SARS-CoV-2 transmission risk across all settings
In their Lancet systematic review, Chu et al reported that closer contact distance is associated with an increased transmission risk of SARS-CoV-2, across study settings. In a sub-group analysis focused on SARS-CoV-2, the relative risk of developing COVID-19 among people who had been in “close” compared to “distant” contact with an infected case was 0.15 (95%CI 0.03 to 0.73). However, the threshold for ‘further distance’ varied from anything over direct contact in some studies to 2 metres in others, meaning a close contact in one could be a distant contact in another. Chu et al estimated this key physical distance for some studies where it had not been explicitly reported. Furthermore, there was no real accounting for other variables affecting transmission risk beyond just social distancing, and that may explain some of the variability between studies. However, in a meta-regression of change in relative risk of developing SARS-CoV-1, SARS-CoV-2 or MERS in relating to increasing distance, the risk of being infected is estimated to be 13% for those within 1 metre, but only 3% beyond that distance. The authors go on to conclude that there is good evidence to support physical distancing of at least 1 metre, but 2 metres may be more effective, whilst acknowledging a range of factors influence transmission risk. This analysis assumes transmission risk in relation to distance is fixed and does take account of important variables such as duration of exposure or the indoor air and environment. The meta-analysis also found some evidence to support facemasks (aOR 0·15, 95%CI 0·07 to 0·34 with stronger associations with N95 or similar respirators) and eye protection (aOR 0·22, 95% CI 0·12 to 0·39) for reducing transmission of coronavirus. Eye protection benefits would be consistent with the airborne route of transmission, given that smaller particles are likely to remain present in the air and be absorbed via the conjunctival surface.44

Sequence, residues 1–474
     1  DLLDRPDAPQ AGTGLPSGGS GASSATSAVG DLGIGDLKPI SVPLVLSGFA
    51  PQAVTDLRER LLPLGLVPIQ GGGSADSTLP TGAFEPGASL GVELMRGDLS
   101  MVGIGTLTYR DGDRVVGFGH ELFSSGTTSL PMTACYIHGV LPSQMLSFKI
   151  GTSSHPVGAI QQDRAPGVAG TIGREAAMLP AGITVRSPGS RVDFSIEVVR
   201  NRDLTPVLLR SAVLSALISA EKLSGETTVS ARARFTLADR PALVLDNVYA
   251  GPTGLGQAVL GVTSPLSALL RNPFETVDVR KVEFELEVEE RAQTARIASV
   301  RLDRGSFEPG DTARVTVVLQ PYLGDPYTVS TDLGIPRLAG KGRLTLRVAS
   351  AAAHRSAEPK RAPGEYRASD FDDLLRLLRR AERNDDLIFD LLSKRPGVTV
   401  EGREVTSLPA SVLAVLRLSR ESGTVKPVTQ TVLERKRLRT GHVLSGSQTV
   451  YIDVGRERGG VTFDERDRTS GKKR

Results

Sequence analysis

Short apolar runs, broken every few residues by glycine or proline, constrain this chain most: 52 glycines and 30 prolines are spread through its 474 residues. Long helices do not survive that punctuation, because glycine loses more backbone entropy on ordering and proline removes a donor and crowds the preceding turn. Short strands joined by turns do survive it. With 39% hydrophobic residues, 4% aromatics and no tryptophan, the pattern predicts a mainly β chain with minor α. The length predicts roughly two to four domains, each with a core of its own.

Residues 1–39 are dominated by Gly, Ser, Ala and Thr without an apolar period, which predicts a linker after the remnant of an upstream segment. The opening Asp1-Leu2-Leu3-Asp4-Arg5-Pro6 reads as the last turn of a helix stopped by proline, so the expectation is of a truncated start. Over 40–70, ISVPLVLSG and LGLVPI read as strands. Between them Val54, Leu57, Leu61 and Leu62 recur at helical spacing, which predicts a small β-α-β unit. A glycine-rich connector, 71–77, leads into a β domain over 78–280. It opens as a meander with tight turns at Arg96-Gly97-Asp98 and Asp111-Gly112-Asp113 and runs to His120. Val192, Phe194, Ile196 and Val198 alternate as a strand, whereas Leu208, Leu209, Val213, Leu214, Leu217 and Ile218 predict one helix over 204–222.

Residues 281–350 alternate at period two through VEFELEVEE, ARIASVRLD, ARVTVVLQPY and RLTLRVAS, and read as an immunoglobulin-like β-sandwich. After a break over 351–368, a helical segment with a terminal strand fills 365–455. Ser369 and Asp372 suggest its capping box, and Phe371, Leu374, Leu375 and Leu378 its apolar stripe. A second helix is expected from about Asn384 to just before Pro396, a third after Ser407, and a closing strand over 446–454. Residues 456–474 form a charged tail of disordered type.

SARS-CoV-2 transmission risk in community studies
The ten community studies in our sample included five that retrospectively analysed the impact of physical distance on COVID-19 outbreaks, three contact tracing studies and two studies of air sampling around COVID-19. Five studies reported clusters of cases among individuals who had prolonged exposure to an infected individual within a confined space,38 45-48 and a single modelling study also suggests this may be important for transmission.49 Spouses and close household contacts also appeared to be at increased risk, compared to community contacts,50 51 though interestingly air sampling studies in the houses of people with COVID-19 were negative.52 Although some studies suggested possible transmissions at distances in excess of 2 metres,47 53 there wasn’t sufficient description to rule out transmission via close or direct contact in any of the studies. We describe these studies in more detail below.
Retrospective analyses of COVID-19 outbreaks
Li et al reviewed study analysed an outbreak of 10 new cases of COVID-19, all of whom were infected in a single sitting at a restaurant in Guangzhou, China.47 The 10 cases across three families all sat in adjoining tables at one end of the restaurant. Transmission is believed to have taken place between these individuals despite no significant close contact between the involved families on video analysis. Distances between index and patrons infected were noted to be up to 4.6 metres. The pattern of transmission was compatible with flow patterns of indoor ventilation in the restaurant, which they were sitting beneath. Transmission via touch cannot be excluded but there was a specific pattern of infection along the downstream flow line from the ventilation source and no cases were reported from other tables within the restaurant. Both the pattern of transmission, and the distance of separation support airborne transmission.